Update: Licensed premises may now be able to rely on existing use rights to avoid the need to obtain planning permission to extend or modify trading hours

The recent decision of Kevak Hotels Pty Ltd v Darebin CC [2022] VCAT 318 (the ‘Kevak Hotels case’) has significantly evolved case law regarding licensed premises and existing use rights.

BSP Lawyers successfully represented the Applicant and owner of a licensed premises, seeking a declaration from the Victorian Civil and Administrative Tribunal (Tribunal) that it did not require a planning permit from Council pursuant to clause 52.27, being the relevant licensed premises planning scheme control, to increase its trading hours on the liquor licence from 3am to 5am each day.

The Tribunal’s decision has not been appealed to the Supreme Court. Therefore, the Kevak Hotels case can be relied upon, in applicable circumstances, to extend the trading hours under a liquor licence without the need for a planning permit to be obtained first – removing one of the two permissions ordinarily required to be obtained.

What are existing use rights?

An ‘existing use’ is the use of a premises or land for a lawful purpose, immediately before the commencement of a provision of a planning control, which makes a use that would be prohibited or would require planning permission to be obtained to allow that use. Existing use rights can also arise as a result of 15 years of continuous use where the use is not pursuant to a planning permit.

If land has been used for the purposes of a licensed premises before March 2000 (being the date the relevant planning controls under clause 52.27 commenced), and a permit has never been granted for the use and proof of continuous use for 15 years can be demonstrated, existing use rights can likely be established for that licensed premises.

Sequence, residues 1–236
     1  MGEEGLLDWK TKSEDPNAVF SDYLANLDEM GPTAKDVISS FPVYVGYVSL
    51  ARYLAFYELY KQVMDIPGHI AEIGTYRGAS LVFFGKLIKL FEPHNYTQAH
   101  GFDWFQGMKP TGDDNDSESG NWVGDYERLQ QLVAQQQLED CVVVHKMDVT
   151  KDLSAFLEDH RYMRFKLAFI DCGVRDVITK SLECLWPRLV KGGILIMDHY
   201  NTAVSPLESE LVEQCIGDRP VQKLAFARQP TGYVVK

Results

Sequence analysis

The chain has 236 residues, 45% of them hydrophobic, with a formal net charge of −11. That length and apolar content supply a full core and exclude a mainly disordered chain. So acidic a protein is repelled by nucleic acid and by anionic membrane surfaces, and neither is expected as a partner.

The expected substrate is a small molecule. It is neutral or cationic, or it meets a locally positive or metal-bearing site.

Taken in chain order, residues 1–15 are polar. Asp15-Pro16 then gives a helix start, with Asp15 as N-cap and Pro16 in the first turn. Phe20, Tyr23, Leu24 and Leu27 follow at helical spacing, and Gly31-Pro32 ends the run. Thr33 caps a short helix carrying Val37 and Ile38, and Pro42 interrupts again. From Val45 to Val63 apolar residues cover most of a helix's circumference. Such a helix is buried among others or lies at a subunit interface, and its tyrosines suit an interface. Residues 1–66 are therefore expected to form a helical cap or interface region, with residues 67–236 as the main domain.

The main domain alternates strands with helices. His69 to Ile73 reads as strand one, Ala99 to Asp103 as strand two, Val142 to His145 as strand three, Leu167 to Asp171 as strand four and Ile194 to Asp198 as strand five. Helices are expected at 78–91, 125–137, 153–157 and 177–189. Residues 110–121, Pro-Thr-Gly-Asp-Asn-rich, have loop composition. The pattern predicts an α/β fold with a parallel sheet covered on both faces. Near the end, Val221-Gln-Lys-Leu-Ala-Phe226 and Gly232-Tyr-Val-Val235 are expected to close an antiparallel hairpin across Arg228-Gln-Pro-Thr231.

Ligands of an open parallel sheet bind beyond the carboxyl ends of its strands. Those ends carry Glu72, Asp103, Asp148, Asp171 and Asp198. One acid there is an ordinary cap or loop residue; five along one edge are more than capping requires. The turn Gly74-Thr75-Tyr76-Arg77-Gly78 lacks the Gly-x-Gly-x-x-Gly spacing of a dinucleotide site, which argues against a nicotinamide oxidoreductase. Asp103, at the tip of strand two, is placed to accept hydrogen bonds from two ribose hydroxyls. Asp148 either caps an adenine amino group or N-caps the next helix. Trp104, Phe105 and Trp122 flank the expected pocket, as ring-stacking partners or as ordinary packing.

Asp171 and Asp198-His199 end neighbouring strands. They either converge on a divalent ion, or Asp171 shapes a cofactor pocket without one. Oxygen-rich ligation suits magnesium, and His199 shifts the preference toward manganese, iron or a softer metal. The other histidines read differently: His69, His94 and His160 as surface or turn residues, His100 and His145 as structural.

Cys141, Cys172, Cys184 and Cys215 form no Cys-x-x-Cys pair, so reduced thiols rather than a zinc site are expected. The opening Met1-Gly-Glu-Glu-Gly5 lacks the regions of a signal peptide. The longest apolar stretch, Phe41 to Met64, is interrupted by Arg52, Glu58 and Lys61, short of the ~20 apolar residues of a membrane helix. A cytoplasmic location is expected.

Implications of the Kevac Hotels case

If existing use rights can be established, and no planning permit restricting trading hours at the premises has been issued in the past, the Kevak Hotels case can be relied upon to increase a premises’ trading hours without the need to obtain a planning permit under clause 52.27.

While the facts of the decision were limited to an extension of trading hours, the Kevak Hotels case may also prove to be a valuable commodity by excluding the need for a planning permit to increase the number of patrons or the area in which liquor is allowed to be consumed, being other activities also regulated by clause 52.27 in the same manner as the increase in trading hours, provided the change in activity does not amount to a change of use (and therefore becomes outside the scope of an intensification of the existing use).

Separate approval will still need to be obtained from the Victorian Gambling and Casino Control Commission (Commission) to vary a liquor licence. However in some instances, licensees may be able to rely on the recent changes to the Liquor Control Reform Act 1998 allowing automatic authorisation to supply liquor until 1am on any day, to avoid the the need to apply to vary a liquor licence to 1am.

The automatic 1am extension is subject to a very nuanced and particular caveat from the Commission – which is that the automatic extension does not apply to areas of the premises that have specified/reduced trading hours separate to the ‘overall’ trading hours. This includes, for instance, outdoor areas that are restricted for noise or amenity reasons. The application of these principles will depend on the exact wording of each licence, and even the circumstances of historical changes to the licence conditions. The Commission is expected to publish further guidelines in the future.

We would encourage licensees with premises operating pursuant to existing use rights to consider whether they wish to take advantage of the precedent set out in the Kevak Hotels case. If you would like to explore the implications of this decision in the circumstances of your premises, please contact us for advice.

This update does not constitute legal advice and should not be relied upon as such. It is intended only to provide a summary and general overview on matters of interest and it is not intended to be comprehensive. You should seek legal or other professional advice before acting or relying on any of the content.

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